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Re: sweet-expressions are not homoiconic



I don't know whether anyone else on this list uses Emacs' Paredit mode
http://www.emacswiki.org/emacs/ParEdit to edit their S-expressions,
but my own experience is that it makes S-expressions *vastly* easier
to edit than any other syntax (whether indentation-sensitive or
otherwise) that I have ever experienced (note that I have not
experienced sweet-expressions).

The key feature of s-expressions that enables the existence of Paredit
mode (besides their extraordinary simplicity) is that every
grammatical construct down to the token level begins and ends on a
distinct character from every other.  Therefore, there is always at
most one non-terminal in the parse tree of my code that begins at the
cursor ("point", in Emacs-speak), and at most one that ends there.  So
commands like "delete the piece of parse tree that starts where my
cursor is" make sense.  Paredit mode defines and provides key bindings
for a large selection of such operations -- and editing at the parse
tree level is much faster and more fun than the word-stream or
line-stream level.

I haven't read the spec of sweet-expressions very carefully, but it
seems that they lack this crucial property: The expression
  factorial{n - 1}
begins on the same character as its subexpression factorial begins, and
ends on the same character as its subexpression {n - 1} ends.

I do not grok the scholarship around parsing well enough to know
whether this property is equivalent to being LL(1) (I expect not), or
whether it corresponds to any other standard definition.  In any case,
I submit that sweet-expressions would become a much more powerful and
effective notation if they were to obey the Paredit Property -- or,
more broadly, if someone were to implement Paredit mode for them.

I bring this up here because it would be a shame if a small
modification to sweet-expressions were to turn out to be the
difference between Paredit being implementable for them vs not, and if
the SRFI were to be finalized in the wrong state.

Best,
~Alexey

P.S. I don't have a clear idea of how to implement Paredit mode for a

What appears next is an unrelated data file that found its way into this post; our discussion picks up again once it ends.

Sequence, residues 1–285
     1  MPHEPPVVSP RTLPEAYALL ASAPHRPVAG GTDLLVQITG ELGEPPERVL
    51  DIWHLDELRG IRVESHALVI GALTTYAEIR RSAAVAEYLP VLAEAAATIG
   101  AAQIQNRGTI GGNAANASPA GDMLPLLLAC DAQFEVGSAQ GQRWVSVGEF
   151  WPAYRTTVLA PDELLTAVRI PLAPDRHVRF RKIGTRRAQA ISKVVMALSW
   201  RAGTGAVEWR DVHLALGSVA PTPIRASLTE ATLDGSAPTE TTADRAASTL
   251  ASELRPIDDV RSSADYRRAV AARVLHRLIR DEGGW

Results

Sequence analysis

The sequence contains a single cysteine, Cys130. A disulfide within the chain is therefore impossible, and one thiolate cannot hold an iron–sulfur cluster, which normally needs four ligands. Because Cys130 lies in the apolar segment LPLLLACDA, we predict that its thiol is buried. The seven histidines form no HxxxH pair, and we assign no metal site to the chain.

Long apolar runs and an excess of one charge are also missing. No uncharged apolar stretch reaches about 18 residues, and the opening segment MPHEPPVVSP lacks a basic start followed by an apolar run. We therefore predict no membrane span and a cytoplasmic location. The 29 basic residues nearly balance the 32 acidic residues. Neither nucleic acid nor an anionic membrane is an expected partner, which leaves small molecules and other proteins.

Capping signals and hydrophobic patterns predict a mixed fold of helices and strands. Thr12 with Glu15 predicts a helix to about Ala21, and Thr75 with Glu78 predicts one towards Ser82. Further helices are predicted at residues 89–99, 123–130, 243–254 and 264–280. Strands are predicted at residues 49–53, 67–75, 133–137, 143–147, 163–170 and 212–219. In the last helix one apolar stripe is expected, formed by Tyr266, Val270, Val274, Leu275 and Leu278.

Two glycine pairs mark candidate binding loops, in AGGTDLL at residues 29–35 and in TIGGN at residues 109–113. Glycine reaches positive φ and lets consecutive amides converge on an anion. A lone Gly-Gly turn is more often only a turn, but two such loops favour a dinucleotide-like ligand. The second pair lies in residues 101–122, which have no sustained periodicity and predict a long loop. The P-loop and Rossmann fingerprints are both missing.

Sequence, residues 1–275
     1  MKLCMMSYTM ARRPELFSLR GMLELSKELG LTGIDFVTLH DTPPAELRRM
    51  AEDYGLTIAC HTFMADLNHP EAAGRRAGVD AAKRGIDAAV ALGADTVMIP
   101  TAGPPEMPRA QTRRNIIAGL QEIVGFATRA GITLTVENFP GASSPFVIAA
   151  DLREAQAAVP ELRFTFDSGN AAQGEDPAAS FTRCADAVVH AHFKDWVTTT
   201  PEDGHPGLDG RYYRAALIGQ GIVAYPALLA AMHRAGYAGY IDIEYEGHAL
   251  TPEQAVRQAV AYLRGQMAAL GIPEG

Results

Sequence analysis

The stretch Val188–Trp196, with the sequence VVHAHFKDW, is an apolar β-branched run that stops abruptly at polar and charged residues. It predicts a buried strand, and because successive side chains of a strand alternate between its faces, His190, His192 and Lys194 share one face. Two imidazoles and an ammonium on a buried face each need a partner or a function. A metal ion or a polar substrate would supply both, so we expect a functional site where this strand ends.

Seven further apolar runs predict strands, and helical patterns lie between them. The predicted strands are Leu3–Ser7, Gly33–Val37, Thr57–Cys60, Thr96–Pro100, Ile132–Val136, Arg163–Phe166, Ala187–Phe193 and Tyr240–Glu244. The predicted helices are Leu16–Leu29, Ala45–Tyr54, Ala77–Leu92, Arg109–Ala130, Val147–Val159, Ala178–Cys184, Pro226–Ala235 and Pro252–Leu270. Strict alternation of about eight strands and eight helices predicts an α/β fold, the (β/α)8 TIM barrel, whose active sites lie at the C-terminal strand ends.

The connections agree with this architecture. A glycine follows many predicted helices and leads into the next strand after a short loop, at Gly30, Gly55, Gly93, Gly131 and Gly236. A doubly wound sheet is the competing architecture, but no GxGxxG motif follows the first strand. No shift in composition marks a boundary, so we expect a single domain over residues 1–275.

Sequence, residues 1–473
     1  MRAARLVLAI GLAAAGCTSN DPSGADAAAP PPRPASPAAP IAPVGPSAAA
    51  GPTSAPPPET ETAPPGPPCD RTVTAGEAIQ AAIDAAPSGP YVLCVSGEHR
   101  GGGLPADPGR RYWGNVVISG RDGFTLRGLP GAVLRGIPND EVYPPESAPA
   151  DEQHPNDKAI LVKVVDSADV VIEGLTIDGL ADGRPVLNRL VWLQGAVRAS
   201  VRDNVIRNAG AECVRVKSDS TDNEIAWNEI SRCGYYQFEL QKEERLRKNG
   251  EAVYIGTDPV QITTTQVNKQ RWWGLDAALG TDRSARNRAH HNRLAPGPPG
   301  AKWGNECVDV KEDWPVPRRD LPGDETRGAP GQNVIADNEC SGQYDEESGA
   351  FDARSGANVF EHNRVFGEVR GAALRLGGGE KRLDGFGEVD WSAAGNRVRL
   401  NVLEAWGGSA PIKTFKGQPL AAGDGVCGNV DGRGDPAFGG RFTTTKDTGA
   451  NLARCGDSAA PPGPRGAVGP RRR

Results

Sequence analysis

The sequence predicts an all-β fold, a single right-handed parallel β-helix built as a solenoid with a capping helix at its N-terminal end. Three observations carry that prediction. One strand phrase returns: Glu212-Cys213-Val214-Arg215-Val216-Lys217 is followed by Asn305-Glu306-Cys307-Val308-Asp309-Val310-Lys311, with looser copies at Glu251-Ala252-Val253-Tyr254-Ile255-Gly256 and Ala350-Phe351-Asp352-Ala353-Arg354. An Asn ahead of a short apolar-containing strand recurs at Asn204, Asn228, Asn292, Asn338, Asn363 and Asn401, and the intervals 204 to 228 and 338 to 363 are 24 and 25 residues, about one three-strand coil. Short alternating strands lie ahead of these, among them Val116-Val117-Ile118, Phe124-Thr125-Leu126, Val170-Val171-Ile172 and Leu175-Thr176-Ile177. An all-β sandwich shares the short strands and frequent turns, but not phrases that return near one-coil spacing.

notation that lacks what I have named the Paredit Property, but I
don't want to say that it can't be done.  Perhaps there could be some
phantom characters presented by the editor for the purpose of
disambiguating different components of the parse tree?  Or some sort
of sub-character navigation through the buffer?  It seems that
experimentation would be needed to figure out whether such a strategy
can work.

P.P.S. I was motivated to write this note in part because of the
recurrent complaint about 10 closing parens being hard to distinguish
from 12.  In the presence of Paredit mode this is simply a
non-problem.  Paredit maintains the invariant that one's s-expressions
are always well-formed (e.g., typing '(' inserts "()"; typing ')'
inserts nothing but moves the next ")" to the cursor and steps over
it; etc).  So I literally neither know nor care whether there are 10
parens at the end of something or 12 -- it's always the right number.

On Sun, May 26, 2013 at 8:00 PM, David A. Wheeler <dwheeler@xxxxxxxxxxxx> wrote:
> John David Stone originally stated on 23 May 2013:
>> Whitespace characters
>> don't look like grouping symbols, as parentheses, brackets, braces, or
>> oriented quotation marks do, because they don't have appropriate shapes and
>> don't come in pairs.  Moreover, they don't visibly nest, so it is unnatural
>> to use them to represent recursively defined syntactic structures.
>
> I think it's obvious I don't agree, but it might be useful to recap how we got here,
> and why I think indentation sensitivity is a GREAT tool for representing Lisp expressions.
>
> Lisps already have a perfectly serviceable visible pair of symbols
> for grouping, namely, parentheses.  The problem is with their overuse.
> Since EVERYTHING is grouped with parentheses, it can be hard for humans
> to tell when you're ending one thing versus another.  E.G.,  when there are
> 6 closing parentheses, it's hard to tell that it should be 7.
> People can visually match 2, or maybe 3 pairs, but not 10 or 12.
>
> Lisp is called "lots of irritating superflous parentheses" for a *reason*.
> Most software developers today will *immediately* reject any
> language with such poor readability.  Even Lisp's creator,
> John McCarthy, did not intend for s-expressions to be used directly (!).
> While some people don't like Python's indentation-based syntax, Python
> is WAY more popular than Scheme or Common Lisp.  In short,